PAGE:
Shade and Paper Varieties of The Wilding and Industry Definitive Issue 1954-1967
One thing that I did not comment on in the overview post for this issue is the perforation. From what I can see so far in working on the low values, the perforation for the low values did not vary at all, being 11.9 on all the stamps I have examined. I have not, as yet looked at the 10c, 20c and 25c values that were in use after 1963. I expect that as I study these, I will find at least some in the later perf. 12.15. I will definitely let everyone know what I find.
Paper Varieties and Gum - Overview
One of the first things that collectors of this issue will notice after they have been collecting these stamps for a while is that there are two basic types of paper, each of which has several sub-types. At the most basic level, the two types of paper are horizontal wove and vertical wove. The horizontal wove paper was used for all printings up to about 1958-1959 and appears to have been used for all printings of the 3c, as I have yet to find this value on vertical wove paper. The explanation given in the literature for the two types of paper is simply the fact that the CBN rotated the printing plates in order to switch from a 400 subject plate format to a 600 subject plate format. However from my perspective, that explanation does not tell the whole story because the characteristics of the vertical wove paper are entirely different from the horizontal wove papers. If it were merely a matter of printing direction then it would follow that I should be able to find a paper that has the exact same characteristics with the only difference being the direction of the mesh. I have not found that to be the case:
- The horizontal wove paper usually shows very strong surface ribbing on the early printings, or it is smooth on the surface, showing either no mesh when held up to the light, or horizontal mesh. The gum on these papers are usually quite yellowish and shiny being either smooth or streaky. These papers are usually 0.0045" thick.
- The vertical wove paper is the same thickness as above, but the surface of the paper is always smooth and shows no ribbing on the front. Often, you can see light vertical ribbing on the back. When you hold this paper up to the light, the mesh pattern looks different from the horizontal wove papers that are smooth on the surface. The reactions of this paper to ultraviolet light are different too. Finally the gum on these papers is less yellow and more cream coloured and is either smooth on the ribbed papers or thick and streaky on the smooth papers.
- The ribbed papers that are all dull fluorescent
- The smooth papers that are generally non-fluorescent and
- The smooth papers that show varying degrees of fluorescence
As you can see there is quite a marked difference between the appearance of these two papers under the UV light, with the non-fluorescent on the right appearing violet, while the greyish white dull paper is on the left.
- Dull paper giving a bluish white reaction, usually with smooth yellow gum
- Dull paper giving a greyish white reaction, usually with somewhat streaky yellow gum
- Dull paper giving an ivory reaction, usually with smooth gum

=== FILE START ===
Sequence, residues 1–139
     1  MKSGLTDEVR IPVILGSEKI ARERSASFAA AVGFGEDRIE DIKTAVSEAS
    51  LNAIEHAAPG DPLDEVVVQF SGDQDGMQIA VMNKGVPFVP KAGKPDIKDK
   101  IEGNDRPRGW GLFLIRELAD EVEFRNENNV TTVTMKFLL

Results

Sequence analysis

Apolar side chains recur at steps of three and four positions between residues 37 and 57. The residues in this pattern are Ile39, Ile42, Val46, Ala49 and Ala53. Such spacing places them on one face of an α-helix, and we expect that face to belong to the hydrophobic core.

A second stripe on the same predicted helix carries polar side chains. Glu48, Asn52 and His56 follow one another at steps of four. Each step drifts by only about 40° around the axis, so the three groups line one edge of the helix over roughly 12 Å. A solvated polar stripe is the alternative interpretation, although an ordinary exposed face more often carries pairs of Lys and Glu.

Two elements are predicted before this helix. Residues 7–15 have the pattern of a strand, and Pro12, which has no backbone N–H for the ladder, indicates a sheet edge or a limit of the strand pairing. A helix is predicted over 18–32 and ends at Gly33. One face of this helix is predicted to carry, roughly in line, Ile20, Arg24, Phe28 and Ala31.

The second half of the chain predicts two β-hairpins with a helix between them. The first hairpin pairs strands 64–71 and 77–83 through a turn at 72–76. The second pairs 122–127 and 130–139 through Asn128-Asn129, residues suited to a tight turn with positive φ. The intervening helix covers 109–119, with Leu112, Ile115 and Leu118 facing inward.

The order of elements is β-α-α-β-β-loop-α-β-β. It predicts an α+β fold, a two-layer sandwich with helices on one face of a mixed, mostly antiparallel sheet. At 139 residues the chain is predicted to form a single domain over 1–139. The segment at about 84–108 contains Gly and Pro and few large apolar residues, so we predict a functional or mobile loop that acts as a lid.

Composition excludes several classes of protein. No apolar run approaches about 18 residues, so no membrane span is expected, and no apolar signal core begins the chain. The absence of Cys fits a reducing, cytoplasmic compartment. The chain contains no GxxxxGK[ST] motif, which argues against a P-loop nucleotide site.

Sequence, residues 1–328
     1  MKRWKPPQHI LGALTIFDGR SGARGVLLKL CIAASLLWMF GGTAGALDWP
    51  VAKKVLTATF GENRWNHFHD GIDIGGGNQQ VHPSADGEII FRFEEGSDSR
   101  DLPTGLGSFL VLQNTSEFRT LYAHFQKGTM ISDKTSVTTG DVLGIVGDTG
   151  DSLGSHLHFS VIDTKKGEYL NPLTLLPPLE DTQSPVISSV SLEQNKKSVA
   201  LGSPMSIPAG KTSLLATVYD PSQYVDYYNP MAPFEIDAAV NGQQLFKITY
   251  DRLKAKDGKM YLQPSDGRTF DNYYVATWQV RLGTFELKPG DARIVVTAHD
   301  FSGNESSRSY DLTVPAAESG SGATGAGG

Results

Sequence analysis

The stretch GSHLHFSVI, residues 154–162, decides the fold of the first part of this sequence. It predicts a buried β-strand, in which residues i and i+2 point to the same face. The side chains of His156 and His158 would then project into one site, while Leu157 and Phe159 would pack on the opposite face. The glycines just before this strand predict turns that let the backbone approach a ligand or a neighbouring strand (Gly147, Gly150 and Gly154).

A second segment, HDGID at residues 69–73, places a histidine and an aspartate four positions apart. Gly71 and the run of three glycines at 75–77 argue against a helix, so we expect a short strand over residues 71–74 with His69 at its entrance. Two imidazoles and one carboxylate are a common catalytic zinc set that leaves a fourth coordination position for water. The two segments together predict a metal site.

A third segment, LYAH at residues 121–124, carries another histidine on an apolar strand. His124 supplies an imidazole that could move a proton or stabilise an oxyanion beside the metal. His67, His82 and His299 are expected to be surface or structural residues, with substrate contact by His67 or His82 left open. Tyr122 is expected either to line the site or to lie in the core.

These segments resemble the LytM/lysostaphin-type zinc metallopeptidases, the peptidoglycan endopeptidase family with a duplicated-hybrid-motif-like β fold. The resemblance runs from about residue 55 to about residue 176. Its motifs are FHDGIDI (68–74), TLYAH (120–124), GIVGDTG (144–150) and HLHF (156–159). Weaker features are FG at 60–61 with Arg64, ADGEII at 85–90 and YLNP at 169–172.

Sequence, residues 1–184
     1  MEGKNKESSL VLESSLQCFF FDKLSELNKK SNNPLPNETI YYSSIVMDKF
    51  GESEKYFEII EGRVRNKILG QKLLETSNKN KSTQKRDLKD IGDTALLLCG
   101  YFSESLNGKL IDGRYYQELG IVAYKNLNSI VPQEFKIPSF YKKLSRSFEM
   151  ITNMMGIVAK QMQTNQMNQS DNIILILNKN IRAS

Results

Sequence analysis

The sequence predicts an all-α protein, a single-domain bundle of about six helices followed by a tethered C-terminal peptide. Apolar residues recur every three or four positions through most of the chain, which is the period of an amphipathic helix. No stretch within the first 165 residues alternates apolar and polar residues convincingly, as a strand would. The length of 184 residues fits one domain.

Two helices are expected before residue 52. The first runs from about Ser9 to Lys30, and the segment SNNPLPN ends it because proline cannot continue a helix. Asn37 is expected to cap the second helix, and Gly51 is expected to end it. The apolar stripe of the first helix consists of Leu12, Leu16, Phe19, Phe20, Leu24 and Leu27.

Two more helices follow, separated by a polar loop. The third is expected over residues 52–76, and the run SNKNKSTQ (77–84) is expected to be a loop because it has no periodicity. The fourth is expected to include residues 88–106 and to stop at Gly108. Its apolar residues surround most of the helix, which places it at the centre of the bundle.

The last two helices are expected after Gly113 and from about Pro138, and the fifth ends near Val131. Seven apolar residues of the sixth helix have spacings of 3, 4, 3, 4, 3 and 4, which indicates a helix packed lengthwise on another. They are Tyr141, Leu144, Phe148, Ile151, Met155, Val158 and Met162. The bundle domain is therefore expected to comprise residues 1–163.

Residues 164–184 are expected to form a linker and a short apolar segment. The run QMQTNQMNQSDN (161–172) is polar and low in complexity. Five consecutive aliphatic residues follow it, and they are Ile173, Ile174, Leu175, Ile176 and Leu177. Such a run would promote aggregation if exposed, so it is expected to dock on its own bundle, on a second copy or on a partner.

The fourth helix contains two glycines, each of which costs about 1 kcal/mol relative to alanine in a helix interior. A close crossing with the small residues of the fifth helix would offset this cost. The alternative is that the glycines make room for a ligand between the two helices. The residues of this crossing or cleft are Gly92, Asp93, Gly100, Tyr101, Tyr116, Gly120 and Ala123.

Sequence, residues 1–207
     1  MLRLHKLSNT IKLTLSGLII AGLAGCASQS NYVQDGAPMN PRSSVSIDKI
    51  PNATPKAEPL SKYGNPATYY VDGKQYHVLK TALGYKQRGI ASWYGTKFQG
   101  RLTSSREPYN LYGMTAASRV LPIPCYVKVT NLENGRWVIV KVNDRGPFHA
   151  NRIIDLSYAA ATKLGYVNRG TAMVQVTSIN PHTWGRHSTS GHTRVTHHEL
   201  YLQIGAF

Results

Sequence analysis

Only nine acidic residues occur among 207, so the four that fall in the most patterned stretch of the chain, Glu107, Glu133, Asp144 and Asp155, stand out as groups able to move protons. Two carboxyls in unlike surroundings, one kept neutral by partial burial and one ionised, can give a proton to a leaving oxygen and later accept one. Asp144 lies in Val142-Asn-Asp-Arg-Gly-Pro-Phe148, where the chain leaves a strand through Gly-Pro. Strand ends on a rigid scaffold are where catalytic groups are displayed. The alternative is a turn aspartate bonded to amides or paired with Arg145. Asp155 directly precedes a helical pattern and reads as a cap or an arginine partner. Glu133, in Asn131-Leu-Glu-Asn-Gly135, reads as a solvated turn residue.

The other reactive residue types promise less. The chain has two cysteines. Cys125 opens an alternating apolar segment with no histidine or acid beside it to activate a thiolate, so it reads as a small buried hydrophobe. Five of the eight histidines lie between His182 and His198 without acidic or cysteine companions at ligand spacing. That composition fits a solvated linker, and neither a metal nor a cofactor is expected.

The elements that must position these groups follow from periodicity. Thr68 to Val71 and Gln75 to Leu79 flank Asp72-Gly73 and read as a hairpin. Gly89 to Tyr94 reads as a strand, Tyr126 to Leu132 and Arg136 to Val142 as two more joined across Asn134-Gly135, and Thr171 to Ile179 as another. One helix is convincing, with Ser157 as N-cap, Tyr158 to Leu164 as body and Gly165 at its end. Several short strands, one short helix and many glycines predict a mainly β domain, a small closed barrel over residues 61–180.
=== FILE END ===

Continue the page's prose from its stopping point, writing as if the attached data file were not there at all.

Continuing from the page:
- Dull paper giving a greyish reaction, usually with smooth gum
- Non-fluorescent paper giving a violet or light violet reaction with streaky yellow gum
- Non-fluorescent paper giving a greyish reaction and with streaky cream gum
- Dull paper giving a bluish white, ivory or greyish white reaction with streaky cream gum
- Dull paper giving bluish white, ivory or greyish white reaction and containing various concentrations of fluorescent fibres.
- As above but non-fluorescent paper.
- Fluorescent papers both containing fluorescent fibres and not containing them.
This first picture shows two blocks which are on low fluorescent paper, each containing a sparse concentration of low fluorescent fibres. Because the fluorescence of the fibres is very close to the ambient fluorescence of the paper you cannot clearly see them in the above picture. The block at the bottom is on a medium fluorescent paper with a low density of high fluorescent fibres, which you can see by the mottling in the block.
The top two blocks are likely what Unitrade calls fluorescent, while the bottom block is a version of Unitrade's high fluorescent paper.
The next picture shows another version of the high fluorescent paper right next to the fluorescent paper to highlight the difference:
In this picture the block on the left looks dull, but next to a true dull paper, it appears definitely fluorescent.
Finally, the picture shows the high fluorescent paper on the left and the medium fluorescent paper on the right:
On the left we have deep violet brown and violet brown, which are the two most common shades in which the stamps on ribbed horizontal wove paper are found. The third stamp in is deep brown, which is found on the vertical wove stamps. The fourth stamp is a bright purple brown, which is found on the smooth, non-fluorescent paper from group 2 of the horizontal wove papers. The last stamp is another violet brown shade.
Not shown here are some of the other shades that can be found on the vertical wove stamps. These can be found in the original violet brown shades, as well as brown, deep brown, pale brown and chocolate brown. My scanner wasn't really cooperating with me for the picture below, which was supposed to show the brown and pale brown shades of the vertical wove stamps. If you look carefully you can still see that the block on the left is a darker colour than the block on the right: